Anomaloscope

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Anomaloscope
PurposeTo screen and test colour blindness

An anomaloscope is an instrument and color vision test, often used to quantify and characterize color blindness. They are expensive and require specialized knowledge to operate, but are viewed as the gold standard for color vision standards.[1]: 16  As a result, they are normally used for academic studies, rather than job pre-screening. They are also used to validate other color vision standards with regards to classification of color vision defects.[1]: 20 

Principle[edit]

Anomaloscope using a Rayleigh Match

An anomaloscope requires a subject to make a color match between a mixture color and a test color. The test color is a single spectral color, for which the subject can adjust the brightness. The mixture color combines two spectral colors, for which the subject can adjust the proportion, thereby changing the hue. These two colored lights are positioned side-by-side and the subject changes the two parameters until the colors appear to match.[1] The parameter values at match define the type and strength of the color vision defect.

The wavelengths of the three lights used for an anomaloscope are defined by the match of equation that the anomaloscope is defined to. There are four different matches:

  • Rayleigh Match – a test light at 589 nm (yellow) and mixture lights at 545 nm (yellow-green) and 670 nm (red). This is used to characterize red-green deficiencies.[1]
  • Engelking-Trendelenburg Match – a test light at 490 nm (cyan) and mixture lights at 470 nm (blue) and 517 nm (green). This is used to characterize blue-yellow deficiencies.[1]
  • Pickford-Lakowski Match – a test light from a tungsten bulb and mixture lights at 470 nm (blue) and 585 nm (yellow-orange) lights. This is used to characterize blue-yellow deficiencies.[1]
  • Moreland Match – mixture lights at 436 nm (blue) and 490 nm (cyan) light. Unlike the other matches, the test light is not a monochromatic light where the brightness is adjusted. Rather, it is a dichromatic mixture of 480 nm (cyan-blue) light and its Complementary color 580 nm (yellow). The yellow acts to desaturate the cyan-blue without changing its hue. The colors are therefore called the primary mixture color and the desaturant mixture color.[2] This is used to characterize blue-yellow deficiencies.

History[edit]

Lord Rayleigh first invented a color mixing apparatus based on the Rayleigh match and discovered that some users made matches with proportions far different from the majority of users.[1] The first anomaloscope was invented by the German ophthalmologist and physiologist Willibald A. Nagel (1870–1911) who named it Anomaloskop in 1907.[3] It was based on the Rayleigh match.

The Pickford-Nicolson anomaloscope was developed in 1960.[4] It measured the Rayleigh, Engelking-Trendelenburg and Pickford-Lakowski, making it the first anomaloscope to measure in both axes.[1]: 30  The standardization of anomaloscopes is dictated by DIN-Norm 6160, first published in 1966 and last revised in 2019.[5]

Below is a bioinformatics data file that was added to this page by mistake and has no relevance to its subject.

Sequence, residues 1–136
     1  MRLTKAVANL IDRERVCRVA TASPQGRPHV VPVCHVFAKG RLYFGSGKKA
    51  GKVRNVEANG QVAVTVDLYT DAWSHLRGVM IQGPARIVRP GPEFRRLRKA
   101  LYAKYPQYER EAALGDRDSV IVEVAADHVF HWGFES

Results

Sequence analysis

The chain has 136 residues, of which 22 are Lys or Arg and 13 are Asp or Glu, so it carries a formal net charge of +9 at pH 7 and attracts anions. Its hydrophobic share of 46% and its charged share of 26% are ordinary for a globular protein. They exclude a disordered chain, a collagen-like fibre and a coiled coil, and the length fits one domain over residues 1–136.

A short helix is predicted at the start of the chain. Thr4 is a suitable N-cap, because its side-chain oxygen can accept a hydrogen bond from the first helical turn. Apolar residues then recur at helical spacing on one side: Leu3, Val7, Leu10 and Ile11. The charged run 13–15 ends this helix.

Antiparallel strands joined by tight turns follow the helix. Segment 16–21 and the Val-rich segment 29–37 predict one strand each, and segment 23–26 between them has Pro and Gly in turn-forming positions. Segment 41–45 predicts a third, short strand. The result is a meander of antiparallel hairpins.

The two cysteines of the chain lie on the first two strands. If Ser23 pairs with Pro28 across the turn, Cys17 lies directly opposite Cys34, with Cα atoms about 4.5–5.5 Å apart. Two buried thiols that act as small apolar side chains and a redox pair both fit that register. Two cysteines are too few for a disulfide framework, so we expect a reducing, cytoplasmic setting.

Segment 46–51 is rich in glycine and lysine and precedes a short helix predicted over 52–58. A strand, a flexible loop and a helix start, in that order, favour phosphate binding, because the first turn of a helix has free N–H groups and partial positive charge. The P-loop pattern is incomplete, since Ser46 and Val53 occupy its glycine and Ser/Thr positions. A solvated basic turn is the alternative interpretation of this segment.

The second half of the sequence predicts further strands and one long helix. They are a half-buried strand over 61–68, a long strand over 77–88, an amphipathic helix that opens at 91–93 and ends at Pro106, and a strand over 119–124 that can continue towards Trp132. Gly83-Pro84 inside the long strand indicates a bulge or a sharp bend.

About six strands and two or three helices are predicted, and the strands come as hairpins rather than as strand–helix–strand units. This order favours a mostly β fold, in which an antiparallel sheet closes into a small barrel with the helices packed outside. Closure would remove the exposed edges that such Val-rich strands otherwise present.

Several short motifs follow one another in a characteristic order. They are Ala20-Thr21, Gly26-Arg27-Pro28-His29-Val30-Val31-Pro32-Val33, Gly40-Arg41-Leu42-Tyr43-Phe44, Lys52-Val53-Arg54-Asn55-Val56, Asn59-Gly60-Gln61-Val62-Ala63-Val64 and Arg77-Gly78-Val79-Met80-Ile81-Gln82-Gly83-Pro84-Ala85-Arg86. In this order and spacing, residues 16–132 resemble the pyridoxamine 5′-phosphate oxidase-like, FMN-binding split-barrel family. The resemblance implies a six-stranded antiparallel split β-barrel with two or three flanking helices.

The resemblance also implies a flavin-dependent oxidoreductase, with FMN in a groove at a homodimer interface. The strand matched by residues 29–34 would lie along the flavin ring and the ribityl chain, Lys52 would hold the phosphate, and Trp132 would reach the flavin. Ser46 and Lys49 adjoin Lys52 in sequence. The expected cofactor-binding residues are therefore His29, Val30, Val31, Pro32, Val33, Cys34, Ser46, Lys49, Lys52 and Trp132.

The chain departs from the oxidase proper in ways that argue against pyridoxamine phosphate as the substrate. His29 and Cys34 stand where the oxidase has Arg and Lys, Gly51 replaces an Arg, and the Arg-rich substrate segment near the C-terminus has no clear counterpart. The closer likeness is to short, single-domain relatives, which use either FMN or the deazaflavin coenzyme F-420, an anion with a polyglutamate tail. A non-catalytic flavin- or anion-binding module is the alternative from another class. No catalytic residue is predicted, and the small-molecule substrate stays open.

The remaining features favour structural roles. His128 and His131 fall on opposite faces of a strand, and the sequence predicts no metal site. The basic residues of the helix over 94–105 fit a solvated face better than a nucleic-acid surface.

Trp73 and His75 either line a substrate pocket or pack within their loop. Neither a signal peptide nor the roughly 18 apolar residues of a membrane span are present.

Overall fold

The Moreland Anomaloscope was developed in 1984 and used the Moreland match. Earlier blue-yellow matches had problems with large variance in results from color normals. The Moreland match improved has a much lower variance for color normals.[2]

Nagel Anomaloscopes are out of production, but are still widely used as color vision standards. The Neitz Anomaloscope (1980) was produced to mimic the Nagel Anomaloscope, and are generally treated as interchangeable.[1]: 38  The Oculus HMC (Heidelberg) Anomaloscope (Rayleigh & Moreland matches) and Neitz Anomaloscope (Rayleigh match) are the only anomaloscopes currently in production.

The expense and expertise required to operate anomaloscopes has put pressure on the development of simple, inexpensive digital anomaloscopes based on RGB primaries. Several web-based applications simulating anomaloscopes currently exist. As early as 2000, researchers attempted to accurately simulate the anomaloscope on a RGB CRT monitor.[6] Validation of digital simulations of anomaloscopes has been lacking.

References[edit]

  1. ^ a b c d e f g h i POKORNY, J; COLLINS, B; HOWETT, G (1981). "PROCEDURESFOR TESTING COLOR VISION". NATIONAL RESEARCH COUNCIL. {{cite journal}}: Cite journal requires |journal= (help)
  2. ^ a b Moreland, JD (2004). "Moreland match revisited". Visual Neuroscience. 21: 471–476. doi:10.1017/S0952523804213438.
  3. ^ Nagel, WA (1907). "Zwei Apparate für die Augenärzliche Funktionsprüfung. Adaptometer und kleines Spektralphotometer (Anomaloskop)". Zeitschrift für Augenheilkunde. 17: 201–22.
  4. ^ Pickford, RW (1960). "The Pickford-Nicolson anomaloscope : For testing and measuring colour sensitivity and colour blindness , and other tests and experiments". British journal of physiological optics. 17: 131–150.
  5. ^ Sritharan, Jalini (2019). DIN 6160 Ophthalmic optics and ophthalmic instruments - Anomaloscopes for the diagnosis of congenital red-green color vision defects and acquired color vision disorders - Basic requirements. Deutsches Institut für Normung.
  6. ^ Pardo, PJ (September 2000). "A new colour vision test in a PC-based screening system". Displays. 21: 203–206.

External links[edit]